Monday, July 24, 2017

Portraits of a National Park - Arches


When we planned our family get-together I just couldn't believe we all agreed to travel to the desert in July.  It was the only time which worked for all our schedules, and the location seems central for the younger families to get to.  Since we had a lot of time to work with we really didn't think about the distance for us to travel.   There were pros and cons to that decision!


As we crossed the Rockies, which never cease to amaze us, and entered the desert terrain, the geography became quite desolate, and bleak.  Miles and miles of nothing - we imagined the journey of the settlers of this early country and how they must have felt as they worked daily to survive.  Then the terrain began to change, rising up into hills and tall rock structures, the color changing from neutral to a warm red hue.



Nearing the town of Moab, we were in awe of the size and drama of the rock faces, and began to really look forward to seeing Arches National Park, and exploring the area more.


The campground we chose happened to be right in town, but set back from the road a little ways.  The way it was situated you didn't see the main street, or cars going by.  Road noise was also minimal, which was surprising.  It felt like a more isolated camping experience.  Settled in, we waited for the rest of the family to arrive, and spent the first night relaxing and catching up.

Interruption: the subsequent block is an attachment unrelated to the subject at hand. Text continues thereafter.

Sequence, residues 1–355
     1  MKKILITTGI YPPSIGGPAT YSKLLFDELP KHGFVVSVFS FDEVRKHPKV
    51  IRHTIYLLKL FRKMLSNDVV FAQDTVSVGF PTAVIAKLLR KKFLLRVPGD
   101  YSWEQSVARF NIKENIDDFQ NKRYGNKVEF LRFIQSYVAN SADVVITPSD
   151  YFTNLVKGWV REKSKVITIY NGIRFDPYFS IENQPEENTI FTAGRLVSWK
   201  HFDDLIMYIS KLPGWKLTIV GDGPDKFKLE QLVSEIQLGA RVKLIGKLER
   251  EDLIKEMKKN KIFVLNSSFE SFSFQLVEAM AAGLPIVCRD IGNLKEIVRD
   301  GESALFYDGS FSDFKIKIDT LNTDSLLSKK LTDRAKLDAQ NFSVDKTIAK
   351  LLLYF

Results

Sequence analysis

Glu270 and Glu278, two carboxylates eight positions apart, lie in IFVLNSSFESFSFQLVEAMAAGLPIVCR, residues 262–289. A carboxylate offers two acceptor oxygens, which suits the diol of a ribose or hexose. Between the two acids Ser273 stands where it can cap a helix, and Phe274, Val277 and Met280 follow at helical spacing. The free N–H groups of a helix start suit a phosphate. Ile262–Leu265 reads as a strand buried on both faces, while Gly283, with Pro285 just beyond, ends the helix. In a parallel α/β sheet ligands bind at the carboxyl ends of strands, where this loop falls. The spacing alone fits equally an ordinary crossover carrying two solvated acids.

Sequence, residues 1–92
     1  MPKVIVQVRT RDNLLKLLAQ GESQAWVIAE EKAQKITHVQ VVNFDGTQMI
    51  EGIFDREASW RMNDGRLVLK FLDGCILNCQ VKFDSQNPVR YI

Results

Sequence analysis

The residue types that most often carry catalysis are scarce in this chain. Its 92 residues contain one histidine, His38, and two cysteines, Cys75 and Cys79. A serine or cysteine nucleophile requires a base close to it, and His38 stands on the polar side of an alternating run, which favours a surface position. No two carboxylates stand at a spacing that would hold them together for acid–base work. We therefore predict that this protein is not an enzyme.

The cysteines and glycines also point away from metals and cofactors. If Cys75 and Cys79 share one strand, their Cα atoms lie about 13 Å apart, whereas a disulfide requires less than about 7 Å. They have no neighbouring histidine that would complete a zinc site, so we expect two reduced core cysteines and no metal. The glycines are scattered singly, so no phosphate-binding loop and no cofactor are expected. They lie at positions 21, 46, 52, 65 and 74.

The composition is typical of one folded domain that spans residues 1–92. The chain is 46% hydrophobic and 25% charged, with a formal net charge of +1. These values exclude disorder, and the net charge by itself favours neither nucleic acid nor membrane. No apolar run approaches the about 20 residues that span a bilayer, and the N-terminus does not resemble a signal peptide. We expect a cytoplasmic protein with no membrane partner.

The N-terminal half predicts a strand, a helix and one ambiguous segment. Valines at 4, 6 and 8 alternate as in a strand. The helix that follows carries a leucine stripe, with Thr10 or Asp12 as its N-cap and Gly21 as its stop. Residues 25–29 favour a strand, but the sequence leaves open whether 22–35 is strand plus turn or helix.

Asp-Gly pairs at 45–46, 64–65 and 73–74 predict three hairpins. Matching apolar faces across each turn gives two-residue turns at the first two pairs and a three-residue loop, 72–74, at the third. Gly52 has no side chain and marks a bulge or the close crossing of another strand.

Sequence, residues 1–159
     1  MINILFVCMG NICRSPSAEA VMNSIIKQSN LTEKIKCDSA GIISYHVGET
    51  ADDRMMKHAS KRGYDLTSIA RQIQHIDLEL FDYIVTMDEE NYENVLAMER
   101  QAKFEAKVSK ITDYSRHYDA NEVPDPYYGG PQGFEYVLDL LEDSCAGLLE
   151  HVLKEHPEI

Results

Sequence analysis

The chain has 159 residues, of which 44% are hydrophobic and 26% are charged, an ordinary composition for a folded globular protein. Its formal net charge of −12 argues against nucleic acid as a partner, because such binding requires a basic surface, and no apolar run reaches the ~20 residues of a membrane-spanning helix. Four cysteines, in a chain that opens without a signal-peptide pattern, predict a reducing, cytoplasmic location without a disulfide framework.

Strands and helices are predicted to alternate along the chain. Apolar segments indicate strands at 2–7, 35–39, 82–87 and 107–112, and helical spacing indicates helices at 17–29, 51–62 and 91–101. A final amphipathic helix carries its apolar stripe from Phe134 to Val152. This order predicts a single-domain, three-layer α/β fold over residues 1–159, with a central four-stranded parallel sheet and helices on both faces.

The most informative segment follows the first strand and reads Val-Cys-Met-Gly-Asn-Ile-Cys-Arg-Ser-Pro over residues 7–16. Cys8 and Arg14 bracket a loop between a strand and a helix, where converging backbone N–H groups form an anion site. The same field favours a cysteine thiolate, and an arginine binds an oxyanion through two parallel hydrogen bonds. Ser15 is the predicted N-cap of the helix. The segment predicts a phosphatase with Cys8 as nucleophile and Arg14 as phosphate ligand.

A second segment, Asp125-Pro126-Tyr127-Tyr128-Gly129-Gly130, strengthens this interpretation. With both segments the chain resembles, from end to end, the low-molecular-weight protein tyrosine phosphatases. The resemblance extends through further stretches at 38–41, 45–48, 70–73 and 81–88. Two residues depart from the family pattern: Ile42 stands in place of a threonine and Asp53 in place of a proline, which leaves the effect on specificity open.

Park Avenue Viewpoint and Trailhead
Then we were off for a whirl-wind 3 days.  If you are 62 you are eligible for a Senior Park Pass - $10.00 currently, but the price is about to be raised dramatically.  Get this pass, as it is free admittance to National Parks and Federal Recreational Lands - for your lifetime!  It is good for your car full of people, and we used it to go in and out of the parks as many times as we wanted.  GREAT deal!
Tower of Babel

Unless there is something in the photo to give the landscape scale, it is very difficult to describe the vastness and drama of this space.  Due to weather, and fault line activity, this area of the state is created through movement and time.  And it will continue to change over the years.  Arches wear away to the point where they collapse...it's only a matter of time.  But new arches are created even as the old disappear.
Delicate Arch
North Window - 3-photo sequence


We would love to go back again, as there was so much to see in such a little time.  But perhaps a spring or fall trip would be more comfortable?  Enjoy this portrait of another beautiful area of our country.
Tunnel Arch
Balanced Rock






Pine Tree Arch - 2-photo sequence 

No comments: